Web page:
It was easy to spot the big theme’s at DAC this year. This was the “Year of ESL” (again). The state of the economy and the future of EDA was a constant backdrop. Analog design was finally more than just Cadence Virtuoso. And social media challenged traditional media.
It was harder to spot the themes that were not front and center, that were not spotlighted by the industry beacons, that were not reported by press or bloggers. Still, there were important developments if you looked in the right places and noticed what was changing. At least one of those themes came across to me loud and clear. This was the year that the clouds started forming over EDA.
If you’ve read my blog for a while, you know I’m not talking about the weather or some metaphor for the health of the EDA industry. You know I am talking about cloud computing, which moved from crazy idea of deluded bloggers to solidly in the early adopter category. Though this technology is still “left of chasm”, many companies were talking about sticking their toes in the waters of cloud computing and some even had specific plans to jump in. Of note:
- Univa UD - Offering a “hybrid cloud” approach to combine on premise hardware and public cloud resources. Many view this as the first step into the cloud since it is incremental to existing on premise hardware.
- Imera Systems - Offering a product called EDA Remote Debug that enables an EDA company to place a debug version of their software on a customer’s site in order to debug a tool issue. This reduces the need to send an AE on site or to have the customer package up a testcase.
- R Systems - A spinoff from the National Center for Supercomputing Applications (best known for Telnet and Mosaic), they were wandering the floor pitching their own high performance computing resources (that they steadfastly insisted were “not a cloud”) available remotely or brought to your site to increase your computing capacity.
- Cadence - One of the first (after PDTi) to have an official Hosted Design Solutions offering, they host their software and your data in a secure datacenter and are looking at the cloud as well for the future.
And then there’s Xuropa.
Before I cover Xuropa, I need to take a brief digression. You see, July 27th was not just the first day of DAC. It was also my first official day working for Xuropa as one of my clients. I’ll be doing social media consulting (blogging, tweeting, other online social community stuff) and also helping their customers get their tools on the Xuropa platform. This is very exciting for me, something I’ll blog about specifically on the Xuropa Blog and also here. In the meantime, under full disclosure, you’ve now been told. You can factor in the appropriate amount of skepticism to what I have to say about cloud computing, hosted design, Software-as-a-Service and Xuropa.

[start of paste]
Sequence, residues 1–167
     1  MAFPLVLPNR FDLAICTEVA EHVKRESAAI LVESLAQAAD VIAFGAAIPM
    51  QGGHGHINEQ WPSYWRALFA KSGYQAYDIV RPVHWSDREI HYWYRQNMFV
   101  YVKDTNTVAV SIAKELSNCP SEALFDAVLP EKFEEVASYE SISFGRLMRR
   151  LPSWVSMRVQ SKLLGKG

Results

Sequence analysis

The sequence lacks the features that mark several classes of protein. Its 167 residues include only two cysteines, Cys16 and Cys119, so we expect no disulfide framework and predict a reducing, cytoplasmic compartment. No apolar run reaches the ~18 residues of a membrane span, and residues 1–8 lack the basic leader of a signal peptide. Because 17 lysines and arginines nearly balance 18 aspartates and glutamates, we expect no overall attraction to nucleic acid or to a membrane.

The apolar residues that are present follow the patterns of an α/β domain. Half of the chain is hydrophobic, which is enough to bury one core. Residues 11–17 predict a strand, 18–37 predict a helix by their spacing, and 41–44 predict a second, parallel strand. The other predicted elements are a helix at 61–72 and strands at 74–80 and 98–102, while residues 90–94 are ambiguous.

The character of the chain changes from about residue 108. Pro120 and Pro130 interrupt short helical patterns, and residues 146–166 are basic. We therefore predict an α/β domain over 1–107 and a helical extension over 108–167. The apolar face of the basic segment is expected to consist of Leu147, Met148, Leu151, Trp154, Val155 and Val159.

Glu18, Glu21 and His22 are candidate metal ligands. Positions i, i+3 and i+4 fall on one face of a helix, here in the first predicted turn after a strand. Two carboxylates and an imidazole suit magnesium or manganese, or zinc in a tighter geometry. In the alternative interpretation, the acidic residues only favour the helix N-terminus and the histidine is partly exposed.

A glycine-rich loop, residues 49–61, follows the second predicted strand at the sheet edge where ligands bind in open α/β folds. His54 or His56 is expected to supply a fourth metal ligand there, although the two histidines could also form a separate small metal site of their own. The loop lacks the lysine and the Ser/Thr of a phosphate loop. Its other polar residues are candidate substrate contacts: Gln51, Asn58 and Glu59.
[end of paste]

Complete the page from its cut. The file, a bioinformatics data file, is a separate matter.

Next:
- Xuropa - Offering to EDA companies and IP providers the ability to create secure online labs in the cloud for current and prospective customers to test drive a tool, do tool training, etc. They also have plans to make the tools available for “real work”.
These companies and technologies are very exciting on their own. Still, the cloud computing market is very new and there is a lot of churn so it is very difficult to know what will survive or become the standard. Perhaps something not even on this list will emerge.
Even though the technology side is cloudy (pun intended), the factors driving companies to consider using the cloud are very clear. They all seem to come down to one economic requirement. Doing more with less. Whenever I speak to people about cloud computing (and I do that a lot) they always seem to “get it” when I speak in terms of doing more with less. Here are some examples:
- I spoke to an IT person from a large fabless semiconductor company that is looking at cloud computing as a way to access more IT resources with less of an on premise hardware datacenter.
- Cadence told me that their Hosted Design Solutions are specifically targeted at smaller companies that want to be able to access a complete EDA design environment (hardware, software, IT resources) without making any long-term commitment to the infrastructure.
- EDA and IP companies of all sizes are looking to reduce the cost of customer support while providing more immediate and accessible service.
- EDA and IP companies are looking to go global (e.g. US companies into Europe and Asia) without hiring a full on sales and support team.
- Everyone is trying to reduce their travel budgets.
Naysayers point out that we’ve seen this trend before. EDA companies tried to put their tools in datacenters. There were Application Service Providers trying to sell Software-as-a-Service. These attempts failed or the companies moved into other offerings. And so they ask (rightly) “what is different now?”
There is certainly a lot of new technology (as you see above) that help to make this all more secure and convenient than it was in the past. We live in a time of cheap computing and storage and ubiquitous internet access which makes this all so much more affordable and accessible than before. And huge low cost commodity hardware data centers like those at Amazon and Google never existed before now. But just because all this technology exists so that it can be done, doesn’t mean it will be done.
What is different is the economic imperative to do more with less. That is why this will happen. If cloud computing did not exist, we’d have to invent it.
harry the ASIC guy